That covers the ownership side of things, but bringing the game back was another matter entirely. We didn’t come into this with a background in game development, so there was a learning curve, for sure, and also we had to pick up the pieces that were left after the previous studio shut down. Once we closed on the acquisition and had all of the assets, we needed to build a team and also address the game’s servers.

We were able to restore and preserve the server data, which is how we were able to keep everyone’s progression. However, the bigger issue was that GameSparks, the platform the servers were hosted on, was being deprecated. We were able to arrange something with Amazon, which purchased GameSparks, to migrate the game’s backend to AWS. They connected us with one of their partner groups, Code Wizards, who handled the migration, and they were fantastic to work with.

One of the bigger casualties of the process was losing the game’s Discord server, which at the time had over 40,000 members. That was definitely a big loss, but we’ve been building that back up pretty steadily over the past few months. We launched a new Discord server on April 2, and we’re over 7,000 members, which is incredible. We’ve gained close to 3,000 Twitter followers over that same period.

It takes a community to raise the dead

Community has always been one of the main pillars of the game, and the most dedicated members of the community deserve a lot of credit for keeping the faith. There was a team working on a community mod for Last Year, that made the game playable. We had been in contact with them fairly early after acquiring the property, and we were amazed by what they were able to achieve. They released a trailer for their mod, which has close to 160,000 views on YouTube. This was prior to us announcing the relaunch of the game. To see that level of support, for a community mod of a thought-to-be dead game, was really encouraging.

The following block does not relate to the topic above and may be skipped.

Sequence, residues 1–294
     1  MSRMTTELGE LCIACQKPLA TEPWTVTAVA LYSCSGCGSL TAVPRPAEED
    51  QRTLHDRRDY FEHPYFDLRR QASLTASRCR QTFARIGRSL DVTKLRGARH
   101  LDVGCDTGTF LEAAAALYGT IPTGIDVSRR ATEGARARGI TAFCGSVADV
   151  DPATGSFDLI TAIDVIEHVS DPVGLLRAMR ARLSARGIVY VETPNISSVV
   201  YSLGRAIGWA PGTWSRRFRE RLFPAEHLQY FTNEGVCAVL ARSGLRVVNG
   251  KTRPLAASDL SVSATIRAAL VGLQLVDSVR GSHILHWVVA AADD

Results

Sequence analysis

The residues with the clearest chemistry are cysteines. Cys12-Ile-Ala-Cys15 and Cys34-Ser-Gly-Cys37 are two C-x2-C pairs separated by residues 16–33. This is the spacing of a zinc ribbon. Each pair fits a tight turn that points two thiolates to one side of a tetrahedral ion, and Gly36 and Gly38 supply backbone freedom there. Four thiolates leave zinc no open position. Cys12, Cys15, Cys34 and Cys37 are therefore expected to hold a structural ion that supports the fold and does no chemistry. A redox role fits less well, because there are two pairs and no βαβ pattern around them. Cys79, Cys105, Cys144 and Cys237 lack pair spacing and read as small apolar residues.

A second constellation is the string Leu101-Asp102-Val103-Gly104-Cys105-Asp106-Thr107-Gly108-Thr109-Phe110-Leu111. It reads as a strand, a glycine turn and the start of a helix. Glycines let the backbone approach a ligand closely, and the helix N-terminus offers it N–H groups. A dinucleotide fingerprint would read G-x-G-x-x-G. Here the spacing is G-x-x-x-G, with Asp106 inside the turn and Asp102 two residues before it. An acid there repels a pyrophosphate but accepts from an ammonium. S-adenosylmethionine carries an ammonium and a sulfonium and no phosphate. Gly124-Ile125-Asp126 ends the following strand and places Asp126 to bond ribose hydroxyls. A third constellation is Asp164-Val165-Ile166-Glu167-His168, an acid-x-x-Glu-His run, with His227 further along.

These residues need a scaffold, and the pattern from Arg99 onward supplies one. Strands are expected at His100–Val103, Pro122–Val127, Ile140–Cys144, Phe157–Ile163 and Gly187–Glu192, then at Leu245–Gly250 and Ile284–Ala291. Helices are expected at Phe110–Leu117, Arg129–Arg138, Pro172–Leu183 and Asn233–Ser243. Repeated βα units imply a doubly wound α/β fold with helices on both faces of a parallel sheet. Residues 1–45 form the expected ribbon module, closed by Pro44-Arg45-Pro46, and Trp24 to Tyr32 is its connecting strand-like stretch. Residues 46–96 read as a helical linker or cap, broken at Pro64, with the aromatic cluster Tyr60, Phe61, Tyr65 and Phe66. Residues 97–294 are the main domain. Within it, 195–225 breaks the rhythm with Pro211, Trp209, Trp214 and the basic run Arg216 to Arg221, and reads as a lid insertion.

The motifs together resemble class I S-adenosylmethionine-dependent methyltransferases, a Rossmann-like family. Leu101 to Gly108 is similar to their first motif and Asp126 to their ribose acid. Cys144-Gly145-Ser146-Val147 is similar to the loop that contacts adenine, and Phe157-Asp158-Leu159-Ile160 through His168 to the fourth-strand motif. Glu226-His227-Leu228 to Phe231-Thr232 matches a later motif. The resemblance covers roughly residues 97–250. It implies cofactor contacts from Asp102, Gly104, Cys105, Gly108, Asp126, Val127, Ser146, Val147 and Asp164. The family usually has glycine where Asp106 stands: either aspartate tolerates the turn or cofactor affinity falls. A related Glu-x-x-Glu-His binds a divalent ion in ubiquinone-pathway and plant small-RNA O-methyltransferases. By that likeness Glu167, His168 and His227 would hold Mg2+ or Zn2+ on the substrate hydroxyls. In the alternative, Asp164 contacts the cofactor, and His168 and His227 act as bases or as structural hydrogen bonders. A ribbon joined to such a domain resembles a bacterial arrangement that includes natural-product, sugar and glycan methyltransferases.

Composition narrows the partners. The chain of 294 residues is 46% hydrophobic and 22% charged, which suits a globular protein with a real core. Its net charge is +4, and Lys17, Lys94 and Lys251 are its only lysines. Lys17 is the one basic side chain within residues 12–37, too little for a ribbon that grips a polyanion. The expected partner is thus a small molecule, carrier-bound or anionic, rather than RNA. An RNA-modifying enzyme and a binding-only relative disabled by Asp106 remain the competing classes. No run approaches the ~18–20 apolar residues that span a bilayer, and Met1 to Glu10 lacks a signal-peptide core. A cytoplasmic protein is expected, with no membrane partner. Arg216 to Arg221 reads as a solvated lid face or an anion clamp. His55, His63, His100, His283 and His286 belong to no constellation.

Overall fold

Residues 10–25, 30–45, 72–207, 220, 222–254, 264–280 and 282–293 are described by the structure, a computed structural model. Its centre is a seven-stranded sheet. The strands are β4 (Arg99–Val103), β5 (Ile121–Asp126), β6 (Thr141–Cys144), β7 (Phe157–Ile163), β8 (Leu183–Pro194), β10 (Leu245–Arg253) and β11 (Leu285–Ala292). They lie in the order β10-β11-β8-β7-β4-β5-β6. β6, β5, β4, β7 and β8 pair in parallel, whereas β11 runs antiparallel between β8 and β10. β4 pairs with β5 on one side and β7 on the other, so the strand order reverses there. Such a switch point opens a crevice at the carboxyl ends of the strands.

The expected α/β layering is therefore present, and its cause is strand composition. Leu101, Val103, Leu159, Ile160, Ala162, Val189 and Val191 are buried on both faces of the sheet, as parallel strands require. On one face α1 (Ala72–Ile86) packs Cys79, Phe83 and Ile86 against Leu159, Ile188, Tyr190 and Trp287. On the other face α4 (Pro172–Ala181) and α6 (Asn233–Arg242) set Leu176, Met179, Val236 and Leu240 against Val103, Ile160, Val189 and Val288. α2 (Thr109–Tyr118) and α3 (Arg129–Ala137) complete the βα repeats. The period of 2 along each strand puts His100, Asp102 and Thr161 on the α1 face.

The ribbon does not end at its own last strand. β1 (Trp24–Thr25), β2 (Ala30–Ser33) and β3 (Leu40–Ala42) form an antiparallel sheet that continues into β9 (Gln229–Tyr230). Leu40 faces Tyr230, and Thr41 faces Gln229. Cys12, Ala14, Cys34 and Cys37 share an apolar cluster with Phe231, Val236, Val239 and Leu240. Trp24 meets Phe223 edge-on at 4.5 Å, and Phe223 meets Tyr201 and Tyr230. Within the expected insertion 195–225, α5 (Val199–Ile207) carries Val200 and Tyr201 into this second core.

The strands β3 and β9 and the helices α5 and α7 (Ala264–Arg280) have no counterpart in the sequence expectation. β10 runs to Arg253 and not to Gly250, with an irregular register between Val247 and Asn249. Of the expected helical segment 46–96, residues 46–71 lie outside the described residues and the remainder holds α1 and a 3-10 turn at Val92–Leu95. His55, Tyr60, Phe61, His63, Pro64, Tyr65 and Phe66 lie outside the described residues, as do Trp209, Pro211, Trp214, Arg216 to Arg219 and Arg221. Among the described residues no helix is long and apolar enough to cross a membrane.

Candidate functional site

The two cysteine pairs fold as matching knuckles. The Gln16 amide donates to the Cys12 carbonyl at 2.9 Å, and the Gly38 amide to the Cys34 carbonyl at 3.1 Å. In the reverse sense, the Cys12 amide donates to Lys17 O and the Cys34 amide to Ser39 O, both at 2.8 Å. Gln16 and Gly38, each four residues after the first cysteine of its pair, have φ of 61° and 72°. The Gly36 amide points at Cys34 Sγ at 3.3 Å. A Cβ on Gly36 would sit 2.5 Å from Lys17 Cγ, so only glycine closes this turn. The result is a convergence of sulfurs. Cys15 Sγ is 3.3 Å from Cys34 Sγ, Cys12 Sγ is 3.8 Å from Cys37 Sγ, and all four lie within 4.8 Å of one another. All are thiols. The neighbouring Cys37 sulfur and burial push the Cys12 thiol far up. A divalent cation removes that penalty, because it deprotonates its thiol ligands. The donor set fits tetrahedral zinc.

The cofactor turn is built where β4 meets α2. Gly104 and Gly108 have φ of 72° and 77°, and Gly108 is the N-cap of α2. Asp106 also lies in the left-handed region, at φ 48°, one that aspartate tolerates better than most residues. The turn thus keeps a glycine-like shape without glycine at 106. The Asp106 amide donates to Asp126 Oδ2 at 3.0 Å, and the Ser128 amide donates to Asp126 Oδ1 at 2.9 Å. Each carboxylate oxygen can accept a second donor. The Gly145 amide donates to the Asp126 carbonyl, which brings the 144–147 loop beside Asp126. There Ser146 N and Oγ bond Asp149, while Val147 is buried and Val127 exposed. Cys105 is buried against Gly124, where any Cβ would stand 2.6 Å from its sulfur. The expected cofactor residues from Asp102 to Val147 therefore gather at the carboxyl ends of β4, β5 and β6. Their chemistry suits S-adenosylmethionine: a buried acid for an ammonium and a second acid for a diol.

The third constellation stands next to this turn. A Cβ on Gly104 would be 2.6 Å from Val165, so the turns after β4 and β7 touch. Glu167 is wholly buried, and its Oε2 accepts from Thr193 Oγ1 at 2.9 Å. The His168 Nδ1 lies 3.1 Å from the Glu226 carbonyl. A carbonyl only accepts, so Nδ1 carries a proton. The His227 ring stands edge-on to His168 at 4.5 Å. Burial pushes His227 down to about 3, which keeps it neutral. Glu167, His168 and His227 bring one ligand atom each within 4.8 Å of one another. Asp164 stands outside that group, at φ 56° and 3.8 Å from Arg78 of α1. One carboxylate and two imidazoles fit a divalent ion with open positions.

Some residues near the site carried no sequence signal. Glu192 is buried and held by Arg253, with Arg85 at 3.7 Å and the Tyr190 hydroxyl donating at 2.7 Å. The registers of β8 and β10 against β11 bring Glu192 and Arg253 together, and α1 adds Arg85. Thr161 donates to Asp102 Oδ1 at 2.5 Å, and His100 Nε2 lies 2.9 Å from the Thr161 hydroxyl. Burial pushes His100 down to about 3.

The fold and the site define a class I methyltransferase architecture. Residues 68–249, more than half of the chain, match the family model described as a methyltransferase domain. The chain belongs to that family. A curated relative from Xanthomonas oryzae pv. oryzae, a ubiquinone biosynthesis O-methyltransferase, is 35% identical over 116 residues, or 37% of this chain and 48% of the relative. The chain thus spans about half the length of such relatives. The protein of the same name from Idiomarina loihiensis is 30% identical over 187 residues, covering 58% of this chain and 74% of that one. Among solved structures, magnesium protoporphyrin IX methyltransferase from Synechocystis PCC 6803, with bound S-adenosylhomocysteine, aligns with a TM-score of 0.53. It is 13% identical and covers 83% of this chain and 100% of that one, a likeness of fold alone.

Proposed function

We also have a great relationship with members of the original team, who want to see this game succeed as much as we do. Their insight has been invaluable and has really helped us onboard the team that we’ve brought on. We have run into some issues with the codebase though, which we’re inheriting, and there’s a lot that needs to be optimized and rewritten. Now that the game’s been relaunched, that’s our main focus.


The final challenge with relaunching Last Year is more existential. With a game like this, which has such a storied development history, there were a lot of promises made over a number of years, and what the game is has certainly changed from what it was originally. With us acquiring the property and picking it the way we did, we’ve had to decide on where we wanted to go with it.

I think that’s been the biggest challenge because it’s a matter of how we choose to identify our relationship with the property. There’s definitely a balance between following the original creative vision for the game while also understanding that Last Year is ours now. Having insight into that vision is definitely important, but also having the courage to make your own decisions and think critically about the changes that need to be made.